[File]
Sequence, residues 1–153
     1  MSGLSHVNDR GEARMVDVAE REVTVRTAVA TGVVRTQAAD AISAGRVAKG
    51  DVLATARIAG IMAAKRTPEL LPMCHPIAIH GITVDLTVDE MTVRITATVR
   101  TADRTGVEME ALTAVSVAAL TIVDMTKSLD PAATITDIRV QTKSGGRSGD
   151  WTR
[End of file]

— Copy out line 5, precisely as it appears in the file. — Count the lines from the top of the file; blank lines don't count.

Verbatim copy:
   151  WTR